KABUL, May 22 (Reuters) - Chinese banks have halted dollar transactions with most Afghan commercial banks, the central bank governor said on Thursday, making it difficult for businesses to pay for imports from one of Afghanistan’s biggest trading partners.
“China is a major country that was handling those bank transfers, and now they have told the banks they can’t do it,” governor Noorullah Delawari told Reuters.
The impact on business had been felt immediately, he said.
Despite intense pressure by Western backers, Afghanistan has so far failed to pass key money laundering and anti-terror financing laws required to meet global norms.
This has prompted banks from various countries to halt trade with commercial banks in Afghanistan.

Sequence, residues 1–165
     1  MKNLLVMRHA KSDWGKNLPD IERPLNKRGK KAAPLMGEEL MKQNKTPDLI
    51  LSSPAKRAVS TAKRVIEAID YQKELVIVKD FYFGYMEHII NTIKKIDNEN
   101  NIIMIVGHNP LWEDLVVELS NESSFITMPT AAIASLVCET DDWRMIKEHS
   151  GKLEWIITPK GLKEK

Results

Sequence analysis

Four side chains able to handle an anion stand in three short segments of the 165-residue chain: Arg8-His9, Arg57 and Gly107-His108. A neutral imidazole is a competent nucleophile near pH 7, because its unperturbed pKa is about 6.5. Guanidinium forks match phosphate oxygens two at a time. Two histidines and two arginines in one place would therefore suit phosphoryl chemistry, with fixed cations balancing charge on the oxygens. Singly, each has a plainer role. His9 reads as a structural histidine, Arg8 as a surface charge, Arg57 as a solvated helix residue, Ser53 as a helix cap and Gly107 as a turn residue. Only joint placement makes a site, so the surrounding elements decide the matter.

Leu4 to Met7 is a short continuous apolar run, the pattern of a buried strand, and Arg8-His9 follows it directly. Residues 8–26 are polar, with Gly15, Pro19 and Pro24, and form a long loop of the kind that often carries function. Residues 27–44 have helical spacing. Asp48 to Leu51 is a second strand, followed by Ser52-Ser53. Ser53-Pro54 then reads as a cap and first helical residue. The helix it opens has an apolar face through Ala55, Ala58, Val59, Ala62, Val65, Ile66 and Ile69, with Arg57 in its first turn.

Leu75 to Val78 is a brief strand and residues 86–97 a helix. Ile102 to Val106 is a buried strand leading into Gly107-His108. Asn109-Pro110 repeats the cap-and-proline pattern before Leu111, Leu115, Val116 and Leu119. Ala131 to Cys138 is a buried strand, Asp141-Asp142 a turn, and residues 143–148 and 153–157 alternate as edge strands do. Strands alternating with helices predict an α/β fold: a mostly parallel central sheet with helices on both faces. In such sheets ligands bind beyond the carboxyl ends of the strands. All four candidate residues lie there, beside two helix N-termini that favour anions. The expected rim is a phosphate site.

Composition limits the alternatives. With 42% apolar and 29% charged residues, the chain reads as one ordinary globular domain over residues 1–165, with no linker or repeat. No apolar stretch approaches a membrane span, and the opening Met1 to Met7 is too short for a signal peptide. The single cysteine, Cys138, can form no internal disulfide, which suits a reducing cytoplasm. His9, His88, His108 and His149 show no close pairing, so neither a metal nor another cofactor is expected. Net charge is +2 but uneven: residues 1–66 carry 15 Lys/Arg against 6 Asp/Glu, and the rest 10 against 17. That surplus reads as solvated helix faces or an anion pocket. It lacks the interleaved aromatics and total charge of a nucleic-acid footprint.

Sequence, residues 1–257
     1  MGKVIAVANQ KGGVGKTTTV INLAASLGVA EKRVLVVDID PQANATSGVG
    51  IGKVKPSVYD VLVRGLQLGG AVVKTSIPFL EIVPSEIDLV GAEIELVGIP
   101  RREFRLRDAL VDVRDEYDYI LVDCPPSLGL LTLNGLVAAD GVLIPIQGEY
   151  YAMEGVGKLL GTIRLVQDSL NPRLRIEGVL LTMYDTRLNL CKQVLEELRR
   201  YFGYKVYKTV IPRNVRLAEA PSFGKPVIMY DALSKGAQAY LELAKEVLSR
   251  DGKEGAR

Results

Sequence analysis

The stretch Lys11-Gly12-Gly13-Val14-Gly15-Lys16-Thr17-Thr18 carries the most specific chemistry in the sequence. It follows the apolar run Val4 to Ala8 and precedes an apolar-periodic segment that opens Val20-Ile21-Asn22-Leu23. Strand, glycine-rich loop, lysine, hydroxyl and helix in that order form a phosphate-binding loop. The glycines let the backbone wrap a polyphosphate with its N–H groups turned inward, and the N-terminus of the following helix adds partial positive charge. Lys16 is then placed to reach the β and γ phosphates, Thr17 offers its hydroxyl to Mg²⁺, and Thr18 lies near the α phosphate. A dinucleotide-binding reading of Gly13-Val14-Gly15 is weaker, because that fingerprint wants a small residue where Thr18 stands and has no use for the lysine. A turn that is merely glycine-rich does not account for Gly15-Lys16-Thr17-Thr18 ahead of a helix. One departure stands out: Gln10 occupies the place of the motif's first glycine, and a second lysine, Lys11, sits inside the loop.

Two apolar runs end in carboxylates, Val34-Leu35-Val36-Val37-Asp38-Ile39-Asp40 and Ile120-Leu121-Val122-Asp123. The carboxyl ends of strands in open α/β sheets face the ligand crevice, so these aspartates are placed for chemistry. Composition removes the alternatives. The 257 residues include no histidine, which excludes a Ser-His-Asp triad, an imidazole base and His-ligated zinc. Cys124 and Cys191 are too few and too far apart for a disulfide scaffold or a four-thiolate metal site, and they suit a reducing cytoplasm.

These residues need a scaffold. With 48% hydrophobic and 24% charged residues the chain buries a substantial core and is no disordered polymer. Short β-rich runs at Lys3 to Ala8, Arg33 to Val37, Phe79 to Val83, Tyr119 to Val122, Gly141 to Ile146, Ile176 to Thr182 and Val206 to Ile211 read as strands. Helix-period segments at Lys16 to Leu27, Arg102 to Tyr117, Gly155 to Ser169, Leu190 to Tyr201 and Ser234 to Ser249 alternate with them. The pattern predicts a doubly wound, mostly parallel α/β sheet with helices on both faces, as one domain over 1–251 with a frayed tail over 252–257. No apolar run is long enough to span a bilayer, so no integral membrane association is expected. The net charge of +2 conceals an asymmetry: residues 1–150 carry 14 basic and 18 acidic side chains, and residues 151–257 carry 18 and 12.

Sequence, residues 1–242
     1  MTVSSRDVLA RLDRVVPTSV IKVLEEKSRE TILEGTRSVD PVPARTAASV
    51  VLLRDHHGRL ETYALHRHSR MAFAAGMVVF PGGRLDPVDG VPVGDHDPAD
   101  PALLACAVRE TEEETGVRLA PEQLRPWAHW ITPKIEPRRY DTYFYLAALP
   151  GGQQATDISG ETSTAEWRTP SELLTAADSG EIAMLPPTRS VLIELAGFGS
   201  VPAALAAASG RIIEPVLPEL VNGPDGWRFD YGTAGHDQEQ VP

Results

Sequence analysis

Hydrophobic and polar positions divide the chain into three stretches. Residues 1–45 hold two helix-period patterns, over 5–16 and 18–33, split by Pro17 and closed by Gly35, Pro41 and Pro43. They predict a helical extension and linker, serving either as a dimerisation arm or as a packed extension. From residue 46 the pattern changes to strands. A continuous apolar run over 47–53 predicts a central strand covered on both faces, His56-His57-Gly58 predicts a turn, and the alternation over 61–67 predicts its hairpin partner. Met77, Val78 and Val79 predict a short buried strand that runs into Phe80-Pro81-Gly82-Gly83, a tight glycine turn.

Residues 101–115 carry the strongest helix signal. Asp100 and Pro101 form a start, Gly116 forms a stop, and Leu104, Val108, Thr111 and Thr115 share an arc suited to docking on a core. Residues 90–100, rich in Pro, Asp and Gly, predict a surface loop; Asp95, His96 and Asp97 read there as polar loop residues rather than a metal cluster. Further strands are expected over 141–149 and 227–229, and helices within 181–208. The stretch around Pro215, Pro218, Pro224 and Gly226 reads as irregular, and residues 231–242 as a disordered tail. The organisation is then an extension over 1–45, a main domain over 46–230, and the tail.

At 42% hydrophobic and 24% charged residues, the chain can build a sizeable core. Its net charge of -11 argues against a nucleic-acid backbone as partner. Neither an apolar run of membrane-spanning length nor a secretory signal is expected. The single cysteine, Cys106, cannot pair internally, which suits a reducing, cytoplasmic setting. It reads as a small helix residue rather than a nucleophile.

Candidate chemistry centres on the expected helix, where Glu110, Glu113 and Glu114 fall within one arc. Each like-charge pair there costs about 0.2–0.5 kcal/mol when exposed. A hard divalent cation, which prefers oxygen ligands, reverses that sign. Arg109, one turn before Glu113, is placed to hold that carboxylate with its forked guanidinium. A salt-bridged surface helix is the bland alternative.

The Chinese move was part of the trend in which it was increasingly difficult for Afghanistan’s commercial banks to execute international transactions, Delawari said.
“Some of our banks cannot do any direct transactions because their correspondent banks in the U.S., Europe, Germany, or Turkey (have halted transactions),” he said.
“Now even transferring money to China to import goods has been affected.”
The Afghan government’s failure to pass key measures means that it could in June be blacklisted by Financial Action Task Force (FATF), an international body that sets standards on how countries combat money laundering.
Banks have been struggling since FATF threatened Afganistan with the blacklist early this year.
“That has been affecting our banks ability to transfer money for anything,” Delawari said, describing how students abroad were unable to receive money from there parents as an example.
Chinese banks and officials were not immediately available for comment.
Reporting by Jessica Donati, Editing by Maria Golovnina